Anonymous asked: On the Saturday July 21st post you mention that you could not post the entire response from NIS America in regards to Mugen Souls due to "legal reasons". What legal reasons preventing you from posting the entire letter online?
There’s a clause in the e-mails I received that says something to the effect of “this information is for personal use only and may not be reproduced in a public forum” so I didn’t want to provoke them by copy-pasting the exact reply.
￼ So there’s been a lot of buzz about NIS America’s new title, Mugen Souls. The game looks like it’s a blast for moe lovers and JRPG fans, but there’s one issue that has probably received more attention than the game itself. Censorship. Yes, censorship most likely due to pressure from Rating Boards and the fear of Puritanical outrage has yet again stepped in to ensure that the North American and European localization of a Japanese game is tampered with and certain content is removed. For purists and anti-censorship advocates like myself, this is frustrating and heavily discourages the support and purchase of said censored product. To me, it matters less what is censored and more that something is censored at all. Why should we have to bend knee to a bunch of suits and soccer moms who want to nit-pick at games that they will never play or come into contact with? So the question remains, what exactly is being censored in Mugen Souls? I sent an e-mail to NIS America inquiring about it. For legal reasons, I cannot post the exact message but I’ll paraphrase the information. The NIS America Support Staff told me that “the only major thing” which was removed from the game was a small mini-game.
Apparently, in the Japanese version of the Mugen Souls this mini-game was optional and you could still receive the benefits (which comes in the form of stat boosts) even if you didn’t play it. In additional to that, there are some post-game scenes that were also removed because they were “similar in nature” to the mini-game. They assured me that everything else remained the same. So what’s the mini-game that is so offensive it had to be removed from the North American and European versions?
There you have it. One of a variety of scenes in which you bathe the characters and they respond with embarrassed and naughty giggles and protests. That was so intense that they had to remove it for fear of an AO rating. Unrealistically drawn, cute anime girls in sexually suggestive situations are simply too much for the American market. However, inflicting unspeakable horrors upon people, realistically depicting war, and having games that place you in the role of terrorists where you slaughter innocent people is fine and dandy so long as you slap an M rating on it. Other games have strong sexual content and get away with M ratings. The God of War games have MINI-GAMES WHERE YOU HAVE SEX WOMEN WHILE OTHER TOPLESS WOMEN WATCH YOU. How is that acceptable but a few ecchi bath scenes in a game with unrealistically drawn anime girls requires censorship? I asked them the reason for the censorship. NIS America responded thus… “…however, in the case of Mugen Souls, we have decided to cut out the parts we felt was against our belief and the core value to delivering the morally acceptable entertainment for everyone.”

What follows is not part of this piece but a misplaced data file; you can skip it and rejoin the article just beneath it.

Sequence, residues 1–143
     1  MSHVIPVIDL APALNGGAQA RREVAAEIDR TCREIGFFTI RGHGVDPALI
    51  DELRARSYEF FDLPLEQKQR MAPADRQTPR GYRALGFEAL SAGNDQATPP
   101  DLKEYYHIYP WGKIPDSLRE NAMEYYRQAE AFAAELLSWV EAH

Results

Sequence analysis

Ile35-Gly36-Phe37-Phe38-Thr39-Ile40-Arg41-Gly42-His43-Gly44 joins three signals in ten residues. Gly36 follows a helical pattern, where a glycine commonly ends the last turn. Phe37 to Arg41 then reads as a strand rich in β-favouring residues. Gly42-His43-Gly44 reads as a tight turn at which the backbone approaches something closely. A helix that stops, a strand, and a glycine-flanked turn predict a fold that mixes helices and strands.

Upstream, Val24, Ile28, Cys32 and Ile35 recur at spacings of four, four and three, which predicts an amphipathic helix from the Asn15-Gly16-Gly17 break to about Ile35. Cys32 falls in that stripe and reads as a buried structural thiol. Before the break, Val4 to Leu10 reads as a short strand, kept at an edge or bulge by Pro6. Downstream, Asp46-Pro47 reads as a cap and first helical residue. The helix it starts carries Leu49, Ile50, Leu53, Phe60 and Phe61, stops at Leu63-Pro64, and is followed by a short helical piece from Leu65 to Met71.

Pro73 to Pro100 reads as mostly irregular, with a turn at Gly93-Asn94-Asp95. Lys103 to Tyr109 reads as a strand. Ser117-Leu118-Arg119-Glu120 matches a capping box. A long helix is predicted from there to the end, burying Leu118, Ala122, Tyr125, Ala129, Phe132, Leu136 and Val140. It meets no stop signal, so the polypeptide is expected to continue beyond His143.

There you have it. “Morally acceptable” values are to blame. Even though other games have completely visible depictions of sex and realistic graphic violence, this is just too far. My only guess as to why this would ruffle people’s feathers is because some of the characters are sort of amorphous moeblobs that could be interpreted as looking young. Honestly, does it really matter? They aren’t photo-realistic children being molested. It’s a bunch of moeblobs and busty women. Am I still going to buy the game? I’ve pre-ordered the Limited Edition plus Figure Set version of the game, but mostly because of the potential collector’s value and because the game looks fun. The bath scenes are available on Youtube for those who wish to view them. I just hope they don’t cut out all the very tame but cute hot spring scenes for the same reason. If they remove that much content, I might send it back. NIS America always does a great job and utilizes clever or minimal censorship (like saying Rorona is 17 in the game manual instead of 14 in the first game, which is technically true at the end since the game takes place over 3 years; I don’t know why they even bothered to change that though) and translates the jokes and references in generally acceptable ways so I have faith the game will be true to the original despite the omitted content.
I’m not saying the stuff isn’t perverted, just that we shouldn’t have to change it because a bunch of people who will never play the game would disapprove. If you are worried about kids seeing “offensive content” then just utilize the great parental controls that exist in the PS3’s OS. Don’t make the experience worse for all the adults who want to play the game in it’s original form just because some parents are too lazy or detached from their kids’ hobbies and interests to monitor them properly.